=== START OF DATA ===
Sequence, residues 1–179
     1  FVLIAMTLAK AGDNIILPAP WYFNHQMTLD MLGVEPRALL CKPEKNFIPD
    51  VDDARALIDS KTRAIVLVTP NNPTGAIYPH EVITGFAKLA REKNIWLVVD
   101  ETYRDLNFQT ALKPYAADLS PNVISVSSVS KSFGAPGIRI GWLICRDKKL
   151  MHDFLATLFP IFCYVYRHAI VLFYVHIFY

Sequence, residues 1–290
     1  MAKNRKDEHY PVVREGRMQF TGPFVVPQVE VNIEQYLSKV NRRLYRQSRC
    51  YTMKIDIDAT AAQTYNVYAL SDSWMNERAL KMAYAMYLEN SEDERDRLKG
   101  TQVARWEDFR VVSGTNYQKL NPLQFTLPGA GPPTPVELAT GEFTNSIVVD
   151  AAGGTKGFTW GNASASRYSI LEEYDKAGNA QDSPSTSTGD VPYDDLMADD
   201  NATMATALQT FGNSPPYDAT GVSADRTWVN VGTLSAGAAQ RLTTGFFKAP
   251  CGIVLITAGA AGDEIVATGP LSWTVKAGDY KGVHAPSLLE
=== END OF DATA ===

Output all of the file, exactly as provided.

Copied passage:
Sequence, residues 1–179
     1  FVLIAMTLAK AGDNIILPAP WYFNHQMTLD MLGVEPRALL CKPEKNFIPD
    51  VDDARALIDS KTRAIVLVTP NNPTGAIYPH EVITGFAKLA REKNIWLVVD
   101  ETYRDLNFQT ALKPYAADLS PNVISVSSVS KSFGAPGIRI GWLICRDKKL
   151  MHDFLATLFP IFCYVYRHAI VLFYVHIFY

Sequence, residues 1–290
     1  MAKNRKDEHY PVVREGRMQF TGPFVVPQVE VNIEQYLSKV NRRLYRQSRC
    51  YTMKIDIDAT AAQTYNVYAL SDSWMNERAL KMAYAMYLEN SEDERDRLKG
   101  TQVARWEDFR VVSGTNYQKL NPLQFTLPGA GPPTPVELAT GEFTNSIVVD
   151  AAGGTKGFTW GNASASRYSI LEEYDKAGNA QDSPSTSTGD VPYDDLMADD
   201  NATMATALQT FGNSPPYDAT GVSADRTWVN VGTLSAGAAQ RLTTGFFKAP
   251  CGIVLITAGA AGDEIVATGP LSWTVKAGDY KGVHAPSLLE